Reading Leads to Seeing the World in New Ways

Reading with your child is a seed you plant again and again. One of the most fascinating things about watching a young mind develop is seeing how one thing leads to another, how seeds are planted and how they grow into their own creations.

Ian is fortunate to have two parents who are lifelong readers.

Very young children “pretend read,” practicing early literacy skills modeled by their parents.

Very early in his infancy, he was very interested in what we were doing when we were reading at night. He would watch as we would open books, turn pages, and pages, though often in the beginning, the books were upside down!

MORE THAN WORDS
Seeing images in picture books helped tremendously in his ability to identify animals by their shapes and colors. It was fairly thrilling to see just how fast his inventory of known animals went up, and how quickly he learned to differentiate between colors. This also became a great device to start learning about numbers, and his ability to count so quickly was almost shocking!

One day he suddenly counted to twenty, when only days before he had been having a hard time getting past ten (eleven and twelve are a very interesting hurdle). His numeracy skills were exploding! He recognized colors, and, with some help from several sources (toys, old episodes of Sesame Street, his dad and mom’s spirited imitations, etc.), it wasn’t long before he could imitate the sounds the animals make.

Father and son reading together

A bedtime reading routine makes a good wind down for the child and the adult.


BEDTIME ROUTINE
Our reading sessions would normally occur in the evening after Ian’s energy level had decreased from the day’s activities. This became an excellent reading routine and, between reading sessions, other sources of information helped him pick up some abilities that will last a lifetime. He wasn’t yet reading, but through being read to and looking at books as we would read them to him, he put some great early literacy and pre-reading tools in his toolkit.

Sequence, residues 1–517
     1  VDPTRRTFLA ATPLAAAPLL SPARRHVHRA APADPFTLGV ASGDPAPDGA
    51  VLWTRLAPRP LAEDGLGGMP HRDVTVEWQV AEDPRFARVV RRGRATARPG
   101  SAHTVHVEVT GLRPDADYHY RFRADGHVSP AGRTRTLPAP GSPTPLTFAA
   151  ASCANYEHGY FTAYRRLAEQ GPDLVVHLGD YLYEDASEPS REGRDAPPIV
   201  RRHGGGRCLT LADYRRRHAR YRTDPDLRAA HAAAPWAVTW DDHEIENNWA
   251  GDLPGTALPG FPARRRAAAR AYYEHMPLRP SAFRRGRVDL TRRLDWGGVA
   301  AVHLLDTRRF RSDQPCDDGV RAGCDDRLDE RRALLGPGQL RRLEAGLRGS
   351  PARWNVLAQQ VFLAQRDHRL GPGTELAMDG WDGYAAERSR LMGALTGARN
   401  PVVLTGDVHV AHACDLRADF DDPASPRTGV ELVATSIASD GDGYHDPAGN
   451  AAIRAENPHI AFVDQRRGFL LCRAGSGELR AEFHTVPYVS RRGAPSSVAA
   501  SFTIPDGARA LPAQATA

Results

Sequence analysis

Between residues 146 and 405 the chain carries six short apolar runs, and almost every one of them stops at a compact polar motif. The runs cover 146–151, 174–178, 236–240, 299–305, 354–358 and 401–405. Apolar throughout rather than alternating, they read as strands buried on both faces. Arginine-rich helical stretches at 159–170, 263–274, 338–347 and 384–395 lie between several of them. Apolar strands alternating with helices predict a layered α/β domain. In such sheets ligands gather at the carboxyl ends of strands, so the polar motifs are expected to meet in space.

This has been a great way to ease our son from the almost constant state of physical activity of the day into a quiet landing into the evening and then to sleep. In the bedroom at the end of the day, there are far fewer distractions, sights, and sounds which can make focusing difficult for anyone, let alone a toddler with a keen sense of what is going on around him. Reading with Ian in a calm environment before bed has proven to work best for us. Now, when he wants to enjoy a book, he will think nothing of hushing his parents, who may be having their first calm conversation of the day, so we try to respect his space and give him room for some independent study.
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Children can practice reading to their parents and to others they love, like their teddy bear.

WORDS EVERYWHERE
We incorporate spelling and other mental growth opportunities into other activities, such as watching television. We can pause the show we’ve selected and ask Ian to identify anything from colors to names to you name it. There are limitless ways to invite learning into a day’s activities. Learning can be incorporated into grocery shopping, trips to the park, counting how many pieces of mail came today and identifying the difference between an envelope, a box, flyers, or what have you. There are literally words everywhere and where there are words, there are opportunities for learning.
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The main thing is to make it fun, and keep it interesting. No kid likes being bored and no kid enjoys things that aren’t stimulating. The fantastic thing is that this works for everyone involved. Ian’s interest keeps us stimulated as well. Now days, Ian will look at me and say, “Hey, where is your book, Daddy?”

About Tony Conley

I am a dad who is lucky enough to work from home. Being a writer therefore needn't be a lonely job! My son, Ian, and my wife, Monica, are seldom out of ear's reach, and that is a true gift. I've been attached to the music industry for over thirty years, and will probably be for another thirty, if I'm lucky!
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